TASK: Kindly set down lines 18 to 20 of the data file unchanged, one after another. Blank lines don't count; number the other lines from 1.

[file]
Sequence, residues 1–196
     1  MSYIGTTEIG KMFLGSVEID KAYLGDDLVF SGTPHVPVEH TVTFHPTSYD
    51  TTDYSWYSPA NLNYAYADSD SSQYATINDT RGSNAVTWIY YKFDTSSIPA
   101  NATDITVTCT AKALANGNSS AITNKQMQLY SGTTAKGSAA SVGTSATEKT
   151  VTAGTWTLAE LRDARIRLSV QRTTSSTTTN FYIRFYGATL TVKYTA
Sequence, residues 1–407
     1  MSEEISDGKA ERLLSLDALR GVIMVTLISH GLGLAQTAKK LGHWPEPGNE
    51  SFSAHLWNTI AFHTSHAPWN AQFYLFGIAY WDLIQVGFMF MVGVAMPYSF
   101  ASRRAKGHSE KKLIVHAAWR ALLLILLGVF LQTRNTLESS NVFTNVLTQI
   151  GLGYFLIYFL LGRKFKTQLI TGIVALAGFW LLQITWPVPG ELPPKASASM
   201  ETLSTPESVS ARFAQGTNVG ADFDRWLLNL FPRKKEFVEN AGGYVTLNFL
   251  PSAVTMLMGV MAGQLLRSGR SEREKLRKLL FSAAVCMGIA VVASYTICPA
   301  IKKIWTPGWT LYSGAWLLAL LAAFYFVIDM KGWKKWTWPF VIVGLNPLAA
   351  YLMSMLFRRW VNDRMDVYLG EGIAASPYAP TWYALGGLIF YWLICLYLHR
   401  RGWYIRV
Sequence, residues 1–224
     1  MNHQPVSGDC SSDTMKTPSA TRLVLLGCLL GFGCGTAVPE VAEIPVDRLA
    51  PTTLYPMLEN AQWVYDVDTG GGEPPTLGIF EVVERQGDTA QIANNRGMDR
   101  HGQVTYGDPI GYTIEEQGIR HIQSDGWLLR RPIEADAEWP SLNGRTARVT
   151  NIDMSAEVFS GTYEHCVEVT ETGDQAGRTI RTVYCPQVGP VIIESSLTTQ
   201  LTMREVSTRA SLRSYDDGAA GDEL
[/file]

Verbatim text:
    51  PTTLYPMLEN AQWVYDVDTG GGEPPTLGIF EVVERQGDTA QIANNRGMDR
   101  HGQVTYGDPI GYTIEEQGIR HIQSDGWLLR RPIEADAEWP SLNGRTARVT
   151  NIDMSAEVFS GTYEHCVEVT ETGDQAGRTI RTVYCPQVGP VIIESSLTTQ